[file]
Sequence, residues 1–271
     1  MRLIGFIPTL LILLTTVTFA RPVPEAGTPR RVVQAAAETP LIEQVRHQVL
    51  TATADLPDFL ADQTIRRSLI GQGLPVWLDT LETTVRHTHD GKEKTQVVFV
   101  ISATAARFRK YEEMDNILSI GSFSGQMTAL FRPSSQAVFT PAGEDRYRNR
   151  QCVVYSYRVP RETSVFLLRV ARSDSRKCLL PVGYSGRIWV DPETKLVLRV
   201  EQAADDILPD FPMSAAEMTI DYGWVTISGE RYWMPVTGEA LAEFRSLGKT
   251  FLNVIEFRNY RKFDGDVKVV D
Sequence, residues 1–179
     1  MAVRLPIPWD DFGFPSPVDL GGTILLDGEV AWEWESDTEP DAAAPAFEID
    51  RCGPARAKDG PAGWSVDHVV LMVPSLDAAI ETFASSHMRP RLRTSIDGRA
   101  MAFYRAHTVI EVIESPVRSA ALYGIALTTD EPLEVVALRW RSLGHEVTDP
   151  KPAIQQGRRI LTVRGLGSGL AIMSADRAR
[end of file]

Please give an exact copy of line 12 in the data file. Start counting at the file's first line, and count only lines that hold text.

   151  KPAIQQGRRI LTVRGLGSGL AIMSADRAR